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Author: Stephen King. Inspired by Bram Stoker’s Dracula, King wanted to write a vampire story for the 20th century. What emerged was a book that addressed more than the fear of supernatural monsters. In more than one interview “The Master of Horror” has said that out of all his books, Salem’s Lot was his favorite. In 1987 during an interview with Phil Konstantin for The Highway Patrolman magazine he said: “In a way it is my favorite story, mostly because of what it says about small towns. They are kind of a dying organism right now. The story seems sort of down home to me. I have a special cold spot in my heart for it.” While there have been rumors of a sequel, King has pretty much quashed these by saying that a Salem’s Lot story continues through his Dark Tower series, particularly in “Wolves of Calla” (2003) and “Song of Susannah” (2004). The town Is also revisited in the short stories “Jerusalem’s Lot “and “One For the Road”, which are both part of King’s “Night Shift “(1978) anthology.
Characters: Ben Mears, Matt Burke, Mark Petrie, Susan Norton, Father Callahan, Kurt Barlow, Richard Straker. Ralphie Glick, Danny Glick, Mike Ryerson
Plot: Thirty-three-year old Ben Mears is a writer who’s decided to move back to his hometown of Jerusalem’s Lot after being away for twenty-five years. He immediately strikes up a friendship with Matt Burke, a high school teacher, and becomes romantically involved with Susan Norton, a Boston University graduate who has also recently moved back to town. There’s a reason why Ben has decided to come back to Jerusalem’s Lot though, and it’s not because of nostalgia. Having first moved to the small town when he was nine years old to live with his aunt after his father died and his mother suffered a nervous breakdown, young Ben was talked into entering the “haunted” Marsten House by a group of older boys and to steal an object from it. When he enters the house he immediately snatches a snowglobe from the first floor living room, but decides to further prove his bravery by going upstairs. In one of the bedrooms he discovers the body of Hubie Marsten hanging from the rafters. He’s never been able to forget the ghoulish scene, and still has nightmares about it. He’s suffering from survivor’s guilt after losing his wife in a motorcycle accident from which he walked away without a scratch. Having written three novels, and considered a moderately successful author, Ben has decided to focus on the Marsten House as the topic of his next book. Ben is planning to live in it and hopes to purge both his childhood memories and his current grief. His plans go seriously awry when the sinister Kurt Barlow arrives in town and purchases the house for himself and his mysterious business partner Richard Straker. But when young Ralphie and Danny Glick venture into the forest one night and only one of them makes it out alive, Ben, Matt, and Susan realize there are terrifying forces at work here that now endanger the entire town.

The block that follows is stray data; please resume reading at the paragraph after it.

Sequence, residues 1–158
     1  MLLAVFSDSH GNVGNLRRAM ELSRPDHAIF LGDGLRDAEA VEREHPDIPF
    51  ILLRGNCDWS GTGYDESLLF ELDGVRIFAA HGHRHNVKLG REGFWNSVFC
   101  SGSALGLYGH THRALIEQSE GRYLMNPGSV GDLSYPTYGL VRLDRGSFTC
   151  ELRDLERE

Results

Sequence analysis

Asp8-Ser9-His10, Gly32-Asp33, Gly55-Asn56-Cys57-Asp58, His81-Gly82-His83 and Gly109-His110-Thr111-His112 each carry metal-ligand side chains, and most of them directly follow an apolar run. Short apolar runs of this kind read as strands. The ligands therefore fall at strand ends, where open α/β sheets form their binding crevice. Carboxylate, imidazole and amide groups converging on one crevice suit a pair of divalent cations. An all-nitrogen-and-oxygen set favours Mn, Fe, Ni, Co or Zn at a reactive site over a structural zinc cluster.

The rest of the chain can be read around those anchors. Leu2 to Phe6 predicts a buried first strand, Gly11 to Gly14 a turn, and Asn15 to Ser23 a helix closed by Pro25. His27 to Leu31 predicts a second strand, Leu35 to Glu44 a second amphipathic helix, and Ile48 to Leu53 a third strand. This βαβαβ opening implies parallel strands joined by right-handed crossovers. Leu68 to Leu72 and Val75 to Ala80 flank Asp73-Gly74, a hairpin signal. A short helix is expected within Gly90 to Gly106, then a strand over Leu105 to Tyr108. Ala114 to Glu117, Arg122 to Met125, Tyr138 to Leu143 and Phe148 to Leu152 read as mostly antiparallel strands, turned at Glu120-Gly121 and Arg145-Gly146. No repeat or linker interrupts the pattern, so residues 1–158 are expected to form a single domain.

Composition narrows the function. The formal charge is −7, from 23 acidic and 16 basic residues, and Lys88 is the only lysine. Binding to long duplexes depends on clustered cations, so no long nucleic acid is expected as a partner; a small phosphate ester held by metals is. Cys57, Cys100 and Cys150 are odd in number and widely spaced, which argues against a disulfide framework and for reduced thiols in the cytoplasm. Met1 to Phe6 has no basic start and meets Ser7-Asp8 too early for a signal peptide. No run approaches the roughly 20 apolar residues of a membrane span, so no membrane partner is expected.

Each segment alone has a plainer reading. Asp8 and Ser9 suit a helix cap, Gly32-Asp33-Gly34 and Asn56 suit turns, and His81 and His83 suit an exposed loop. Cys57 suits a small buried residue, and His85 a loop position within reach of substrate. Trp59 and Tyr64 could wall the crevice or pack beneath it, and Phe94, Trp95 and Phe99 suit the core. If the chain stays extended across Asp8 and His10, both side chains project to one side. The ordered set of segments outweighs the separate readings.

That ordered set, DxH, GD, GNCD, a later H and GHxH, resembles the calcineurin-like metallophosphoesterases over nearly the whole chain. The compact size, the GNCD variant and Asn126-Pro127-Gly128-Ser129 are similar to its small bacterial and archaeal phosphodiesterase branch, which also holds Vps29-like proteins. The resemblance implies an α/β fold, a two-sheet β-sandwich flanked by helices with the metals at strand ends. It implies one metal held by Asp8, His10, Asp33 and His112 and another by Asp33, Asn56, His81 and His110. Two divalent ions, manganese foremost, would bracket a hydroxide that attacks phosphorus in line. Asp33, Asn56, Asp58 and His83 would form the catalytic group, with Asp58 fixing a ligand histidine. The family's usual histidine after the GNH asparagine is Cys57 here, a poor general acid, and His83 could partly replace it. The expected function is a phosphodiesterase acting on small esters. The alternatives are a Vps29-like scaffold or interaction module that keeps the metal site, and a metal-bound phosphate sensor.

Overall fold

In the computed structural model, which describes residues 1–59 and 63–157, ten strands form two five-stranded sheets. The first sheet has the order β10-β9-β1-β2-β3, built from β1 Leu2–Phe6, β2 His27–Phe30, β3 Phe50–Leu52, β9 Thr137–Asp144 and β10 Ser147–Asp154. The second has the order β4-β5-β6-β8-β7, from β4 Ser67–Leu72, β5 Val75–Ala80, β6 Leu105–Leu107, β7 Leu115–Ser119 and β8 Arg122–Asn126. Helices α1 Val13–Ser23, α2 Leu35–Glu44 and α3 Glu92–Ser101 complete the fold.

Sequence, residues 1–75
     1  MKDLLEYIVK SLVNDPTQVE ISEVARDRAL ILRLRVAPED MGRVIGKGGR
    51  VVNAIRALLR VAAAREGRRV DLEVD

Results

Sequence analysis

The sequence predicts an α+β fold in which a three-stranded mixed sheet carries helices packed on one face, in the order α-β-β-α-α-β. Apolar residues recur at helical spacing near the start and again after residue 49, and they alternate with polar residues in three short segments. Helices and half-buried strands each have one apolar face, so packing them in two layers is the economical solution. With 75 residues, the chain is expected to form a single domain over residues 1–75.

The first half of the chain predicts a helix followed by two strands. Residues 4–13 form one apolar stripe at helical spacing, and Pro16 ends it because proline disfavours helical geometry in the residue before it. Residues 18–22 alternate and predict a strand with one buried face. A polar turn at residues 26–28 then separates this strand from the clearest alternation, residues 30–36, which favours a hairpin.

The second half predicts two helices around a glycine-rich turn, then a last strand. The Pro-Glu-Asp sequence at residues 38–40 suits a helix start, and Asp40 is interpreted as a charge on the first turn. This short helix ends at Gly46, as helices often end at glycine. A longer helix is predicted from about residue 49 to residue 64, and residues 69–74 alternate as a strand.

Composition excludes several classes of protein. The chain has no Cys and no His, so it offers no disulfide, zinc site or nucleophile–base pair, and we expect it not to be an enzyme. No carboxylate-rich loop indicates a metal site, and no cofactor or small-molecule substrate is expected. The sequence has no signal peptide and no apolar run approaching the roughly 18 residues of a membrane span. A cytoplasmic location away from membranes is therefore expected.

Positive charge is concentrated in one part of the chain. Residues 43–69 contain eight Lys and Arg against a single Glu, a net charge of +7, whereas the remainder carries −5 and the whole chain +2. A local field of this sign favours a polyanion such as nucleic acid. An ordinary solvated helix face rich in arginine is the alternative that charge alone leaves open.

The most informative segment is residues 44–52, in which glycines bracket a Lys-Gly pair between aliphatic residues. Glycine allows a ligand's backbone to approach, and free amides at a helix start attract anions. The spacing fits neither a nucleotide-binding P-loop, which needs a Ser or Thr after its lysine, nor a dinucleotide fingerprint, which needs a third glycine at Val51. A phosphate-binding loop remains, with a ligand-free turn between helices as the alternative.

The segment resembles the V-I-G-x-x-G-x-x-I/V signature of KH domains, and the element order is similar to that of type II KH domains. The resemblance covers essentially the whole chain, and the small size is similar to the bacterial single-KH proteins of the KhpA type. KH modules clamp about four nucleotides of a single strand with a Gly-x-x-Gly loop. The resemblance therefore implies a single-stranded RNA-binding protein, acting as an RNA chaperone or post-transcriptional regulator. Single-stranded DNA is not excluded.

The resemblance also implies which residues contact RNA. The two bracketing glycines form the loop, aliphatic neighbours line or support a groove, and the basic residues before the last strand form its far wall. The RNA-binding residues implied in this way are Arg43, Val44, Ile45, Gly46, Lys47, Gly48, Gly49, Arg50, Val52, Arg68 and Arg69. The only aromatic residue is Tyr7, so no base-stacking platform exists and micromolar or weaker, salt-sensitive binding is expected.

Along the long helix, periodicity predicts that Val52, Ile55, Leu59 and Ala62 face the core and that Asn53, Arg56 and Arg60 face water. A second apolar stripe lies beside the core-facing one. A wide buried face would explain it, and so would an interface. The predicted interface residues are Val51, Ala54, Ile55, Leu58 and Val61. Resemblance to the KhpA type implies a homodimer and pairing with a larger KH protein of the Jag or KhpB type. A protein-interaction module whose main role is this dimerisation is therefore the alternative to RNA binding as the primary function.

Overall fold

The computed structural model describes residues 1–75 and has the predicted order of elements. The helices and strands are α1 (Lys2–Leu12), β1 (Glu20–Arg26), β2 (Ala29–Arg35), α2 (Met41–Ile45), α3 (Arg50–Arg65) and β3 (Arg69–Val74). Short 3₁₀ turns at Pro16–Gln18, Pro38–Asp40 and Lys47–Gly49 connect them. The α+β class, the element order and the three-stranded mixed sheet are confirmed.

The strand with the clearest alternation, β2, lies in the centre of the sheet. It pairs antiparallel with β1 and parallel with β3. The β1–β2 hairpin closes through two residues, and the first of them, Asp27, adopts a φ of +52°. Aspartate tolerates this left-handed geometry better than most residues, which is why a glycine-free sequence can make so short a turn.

Chapter 9: There are plenty of scary and horrifying moments in this book, but there’s one in particular that gives me the chills to this day. It comes when Matt Burke goes to check on a noise he hears coming from his second floor guest bedroom. The scene reads in part:
“Going up the stairs was the hardest thing Matt Burke had ever done in his life. Nothing else even came close…”
“He mounted the steps, one by one, avoiding the sixth, which creaked. He held on to the crucifix, and his palm was sweaty and slick. He reached the top and looked soundlessly down the hall. The guest room door was ajar. He had left it shut. Walking carefully to avoid squeaks, he went down to the door and stood in front of it. The basis of all human fears, he thought. A closed door, slightly ajar. He reached out and pushed it open…”
Why It Matters: This passage perfectly captures one of our biggest fears: the fear of the unknown. Reading this as a 13 year old in 1979, I felt as though I was looking through Mr. Burke’s eyes, as he went up those stairs to confront the monster he knew was behind that door. That short journey was just as terrifying as the actual confrontation with the vampire itself. Even now, thirty seven years later, this scene makes my heart beat just a little faster. I also think that it’s a perfect example of what makes Stephen King such a fantastic writer. The prolific author is a genius at knowing exactly what scares us the most, and dragging it kicking and screaming out into the light. It’s why his fans will always keep coming back for more.
Kim is a contributing writer for That Moment In.com. Visit her website By Hook or By Book